A reformed smuggler finds himself embroiled in a mind-bending criminal conspiracy in this page-turning debut

Pastor Tommy Bosco runs a Winnipeg skid row mission that caters to ex-criminals and ex-addicts trying to make a better life. Sometimes that better life means leaving the city — and the good and bad guys — completely behind. A former smuggler, Bosco can make anyone disappear, faking deaths and extracting people across the Canada-U.S. border. But then his ex shows up, fresh from the murder of a biker-gang boss. She’s got plenty of baggage, including the biker’s cryptic ledger that everyone in Winnipeg’s underworld wants to get their hands on. Bosco finds himself a fugitive at the center of a conspiracy that has him staying far away from the cops, the hired hitmen, and even his dear old dad. Navigating through a harsh Prairie winter, Bosco must help his ex escape without having to make an escape himself.

Gabriel Tallent - My Absolute Darling (2017) - purchased copy

Supermarket browsing and an impulse buy. After reading the blurb, I'm surprised I haven't seen any fuss online about this one.

"The word 'masterpiece' has been cheapened by too many blurbs, but My Absolute Darling absolutely is one." - Stephen King

A brilliant and immersive, all-consuming read about one fourteen-year-old girl's heart-stopping fight for her own soul.

Turtle Alveston is a survivor. At fourteen, she roams the woods along the northern California coast. The creeks, tide pools, and rocky islands are her haunts and her hiding grounds, and she is known to wander for miles. But while her physical world is expansive, her personal one is small and treacherous: Turtle has grown up isolated since the death of her mother, in the thrall of her tortured and charismatic father, Martin. Her social existence is confined to the middle school (where she fends off the interest of anyone, student or teacher, who might penetrate her shell) and to her life with her father.

Then Turtle meets Jacob, a high-school boy who tells jokes, lives in a big clean house, and looks at Turtle as if she is the sunrise. And for the first time, the larger world begins to come into focus: her life with Martin is neither safe nor sustainable. Motivated by her first experience with real friendship and a teenage crush, Turtle starts to imagine escape, using the very survival skills her father devoted himself to teaching her. What follows is a harrowing story of bravery and redemption. With Turtle's escalating acts of physical and emotional courage, the reader watches, heart in throat, as this teenage girl struggles to become her own hero - and in the process, becomes ours as well.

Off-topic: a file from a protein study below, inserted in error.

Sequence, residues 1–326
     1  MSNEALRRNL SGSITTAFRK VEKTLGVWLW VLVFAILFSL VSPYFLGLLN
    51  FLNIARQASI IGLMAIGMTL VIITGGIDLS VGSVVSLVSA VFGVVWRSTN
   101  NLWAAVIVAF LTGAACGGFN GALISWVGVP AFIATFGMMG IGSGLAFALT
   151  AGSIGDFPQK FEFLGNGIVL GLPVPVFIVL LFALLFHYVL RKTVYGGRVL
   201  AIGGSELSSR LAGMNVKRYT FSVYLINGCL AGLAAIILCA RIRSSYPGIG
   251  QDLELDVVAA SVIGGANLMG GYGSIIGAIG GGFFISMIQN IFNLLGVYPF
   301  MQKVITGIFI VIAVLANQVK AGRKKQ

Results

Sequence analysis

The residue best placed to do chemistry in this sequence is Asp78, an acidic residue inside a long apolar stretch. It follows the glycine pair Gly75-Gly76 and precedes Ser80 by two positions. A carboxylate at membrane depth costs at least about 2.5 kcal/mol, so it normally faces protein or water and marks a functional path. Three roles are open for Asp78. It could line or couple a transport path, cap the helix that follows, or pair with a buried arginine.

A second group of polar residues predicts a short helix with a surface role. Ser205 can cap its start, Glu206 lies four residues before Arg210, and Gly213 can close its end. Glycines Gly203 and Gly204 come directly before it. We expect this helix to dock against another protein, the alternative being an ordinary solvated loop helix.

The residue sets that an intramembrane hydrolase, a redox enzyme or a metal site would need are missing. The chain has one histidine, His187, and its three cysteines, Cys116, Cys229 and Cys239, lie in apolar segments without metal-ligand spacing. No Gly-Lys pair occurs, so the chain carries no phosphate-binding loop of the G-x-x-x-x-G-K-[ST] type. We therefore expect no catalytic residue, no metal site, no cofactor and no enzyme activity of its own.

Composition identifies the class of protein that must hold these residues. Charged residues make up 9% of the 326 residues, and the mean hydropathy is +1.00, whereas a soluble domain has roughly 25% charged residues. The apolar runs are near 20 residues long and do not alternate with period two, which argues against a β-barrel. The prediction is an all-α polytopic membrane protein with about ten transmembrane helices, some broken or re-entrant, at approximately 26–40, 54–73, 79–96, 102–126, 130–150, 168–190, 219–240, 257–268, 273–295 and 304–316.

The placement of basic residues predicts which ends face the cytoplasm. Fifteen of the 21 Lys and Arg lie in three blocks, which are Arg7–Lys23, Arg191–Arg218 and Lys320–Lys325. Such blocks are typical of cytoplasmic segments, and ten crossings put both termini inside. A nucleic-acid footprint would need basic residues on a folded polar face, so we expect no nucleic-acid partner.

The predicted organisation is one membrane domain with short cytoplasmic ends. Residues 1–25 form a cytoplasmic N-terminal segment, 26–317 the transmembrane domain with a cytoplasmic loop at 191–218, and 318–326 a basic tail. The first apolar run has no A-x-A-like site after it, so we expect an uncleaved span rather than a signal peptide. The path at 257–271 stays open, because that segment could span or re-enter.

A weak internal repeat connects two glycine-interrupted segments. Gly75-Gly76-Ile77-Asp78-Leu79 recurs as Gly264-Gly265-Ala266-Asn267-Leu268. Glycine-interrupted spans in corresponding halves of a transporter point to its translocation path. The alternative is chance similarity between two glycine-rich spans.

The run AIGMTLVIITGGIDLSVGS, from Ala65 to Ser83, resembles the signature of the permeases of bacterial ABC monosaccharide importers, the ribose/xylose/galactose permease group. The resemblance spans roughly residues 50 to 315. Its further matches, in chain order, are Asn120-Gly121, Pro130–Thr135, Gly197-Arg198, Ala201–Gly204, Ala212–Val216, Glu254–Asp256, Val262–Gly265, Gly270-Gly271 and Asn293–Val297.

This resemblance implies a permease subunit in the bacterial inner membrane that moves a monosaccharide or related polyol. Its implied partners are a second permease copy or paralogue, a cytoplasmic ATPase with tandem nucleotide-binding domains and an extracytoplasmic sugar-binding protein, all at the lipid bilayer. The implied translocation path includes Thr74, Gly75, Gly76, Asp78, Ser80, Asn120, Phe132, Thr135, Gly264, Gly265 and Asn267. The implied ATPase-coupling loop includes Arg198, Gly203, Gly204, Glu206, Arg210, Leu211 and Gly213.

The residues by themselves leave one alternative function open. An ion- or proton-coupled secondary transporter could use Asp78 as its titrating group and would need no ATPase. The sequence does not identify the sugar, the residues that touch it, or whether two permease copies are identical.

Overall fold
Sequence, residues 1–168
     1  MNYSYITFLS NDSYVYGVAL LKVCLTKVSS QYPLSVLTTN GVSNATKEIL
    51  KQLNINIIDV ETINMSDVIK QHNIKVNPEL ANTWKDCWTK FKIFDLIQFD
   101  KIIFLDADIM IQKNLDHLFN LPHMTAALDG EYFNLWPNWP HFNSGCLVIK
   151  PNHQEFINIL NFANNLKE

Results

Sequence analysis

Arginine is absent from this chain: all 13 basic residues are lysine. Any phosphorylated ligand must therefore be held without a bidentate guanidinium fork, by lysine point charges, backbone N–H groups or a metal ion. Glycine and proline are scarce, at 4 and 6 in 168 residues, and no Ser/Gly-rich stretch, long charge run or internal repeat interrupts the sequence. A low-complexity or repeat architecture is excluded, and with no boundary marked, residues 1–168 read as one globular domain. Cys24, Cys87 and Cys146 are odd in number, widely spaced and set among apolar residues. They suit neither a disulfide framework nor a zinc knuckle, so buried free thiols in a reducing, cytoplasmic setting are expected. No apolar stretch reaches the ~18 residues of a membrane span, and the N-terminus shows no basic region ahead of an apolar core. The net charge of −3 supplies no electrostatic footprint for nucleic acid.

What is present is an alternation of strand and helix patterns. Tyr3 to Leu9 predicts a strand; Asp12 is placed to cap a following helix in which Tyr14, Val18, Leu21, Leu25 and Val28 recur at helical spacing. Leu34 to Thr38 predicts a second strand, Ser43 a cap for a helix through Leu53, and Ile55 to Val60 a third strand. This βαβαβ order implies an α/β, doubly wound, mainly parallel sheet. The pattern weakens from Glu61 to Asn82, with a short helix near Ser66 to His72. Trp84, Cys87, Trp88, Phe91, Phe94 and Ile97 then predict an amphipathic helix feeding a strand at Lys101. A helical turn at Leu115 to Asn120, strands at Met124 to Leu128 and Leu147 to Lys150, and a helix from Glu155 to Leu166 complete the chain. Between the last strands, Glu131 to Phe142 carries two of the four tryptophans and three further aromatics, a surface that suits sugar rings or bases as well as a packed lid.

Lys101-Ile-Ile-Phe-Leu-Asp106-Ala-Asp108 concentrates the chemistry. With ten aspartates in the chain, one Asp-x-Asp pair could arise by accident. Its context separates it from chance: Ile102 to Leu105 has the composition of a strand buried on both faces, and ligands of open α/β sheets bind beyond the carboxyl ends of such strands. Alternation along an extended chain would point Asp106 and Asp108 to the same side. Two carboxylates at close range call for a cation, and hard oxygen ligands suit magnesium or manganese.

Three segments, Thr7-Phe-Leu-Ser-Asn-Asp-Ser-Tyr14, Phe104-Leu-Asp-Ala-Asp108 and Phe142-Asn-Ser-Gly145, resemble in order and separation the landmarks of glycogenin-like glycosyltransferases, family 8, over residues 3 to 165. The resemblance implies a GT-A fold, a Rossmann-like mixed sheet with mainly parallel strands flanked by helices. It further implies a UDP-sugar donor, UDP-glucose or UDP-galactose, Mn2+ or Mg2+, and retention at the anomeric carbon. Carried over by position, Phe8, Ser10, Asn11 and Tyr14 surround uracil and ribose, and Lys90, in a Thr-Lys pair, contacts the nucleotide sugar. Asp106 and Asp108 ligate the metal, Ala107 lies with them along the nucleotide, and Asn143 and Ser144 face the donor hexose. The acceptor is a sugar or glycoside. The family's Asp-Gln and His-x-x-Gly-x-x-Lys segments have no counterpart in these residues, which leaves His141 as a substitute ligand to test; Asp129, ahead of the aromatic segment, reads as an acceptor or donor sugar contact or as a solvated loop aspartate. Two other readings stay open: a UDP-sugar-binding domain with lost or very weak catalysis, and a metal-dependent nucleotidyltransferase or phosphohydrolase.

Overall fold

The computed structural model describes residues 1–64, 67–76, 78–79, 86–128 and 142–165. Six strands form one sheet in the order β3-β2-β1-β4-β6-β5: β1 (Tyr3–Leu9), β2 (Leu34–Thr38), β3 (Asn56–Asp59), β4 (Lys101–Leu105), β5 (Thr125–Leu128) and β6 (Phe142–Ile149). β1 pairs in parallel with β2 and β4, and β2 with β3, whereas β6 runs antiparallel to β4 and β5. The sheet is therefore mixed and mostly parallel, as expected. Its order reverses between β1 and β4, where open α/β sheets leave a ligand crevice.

Shot through with striking language in a fierce natural setting, My Absolute Darling is an urgently told, profoundly moving read that marks the debut of an extraordinary new writer.


  1. You've got some interesting reads here, Col. The Berne and the Redhill especially have my attention. I'm not sure (could be quite wrong), but I wonder if that's the same Michael Redhill who writes the Hazel Micallef series under the name of Inge Ash Wolfe...

    1. Thanks Margot. I just checked and Redhill is also published as Inge Ash Wolfe. This is the first one of his I've come across. I might just look up his other ones purely in the interests of research!

  2. Those all look pretty good, with the Tallent the one that really appeals to me. I may have to look out for that. The Clark looks fun too.

    1. Cheers, I do like all 6 - no sudden regrets or change of mind here!

  3. All of these sound interesting, although I am sure a couple of them are a bit on the violent side.

    1. Probably the Heatley and the Stanley might give you a few chills. I reckon you could enjoy the others though.

  4. Nice collection. I've seen the Absolute Darling one around, but didn't fancy it. When we lived in Seattle, there was a massive upmarket shopping mall quite close, called Bellevue Square, so I was hoping the book would be set there! But Kensington is OK too..

    1. Oh and I have read Crime in the Neighbourhood, long time ago. It was good...

    2. Kensington, Toronto as opposed to South London. I was hoping he was a Canadian author for another one of my never to complete challenges, but apparently he's from the US.

    3. The Berne book was one I'd never heard of, but it did catch my eye when looking for something else. Funny thing is I can't remember what the something else was now.

  5. Col – I’ve read some Heatley and will read more. Redhill’s doppelganger story intrigues me, too.

    1. I like Heatley's stuff and Redhill is new-to-me also but sounds great.

  6. Colman! Tell us more about that gold strike in Clean Sweep. Klondike? California 1849?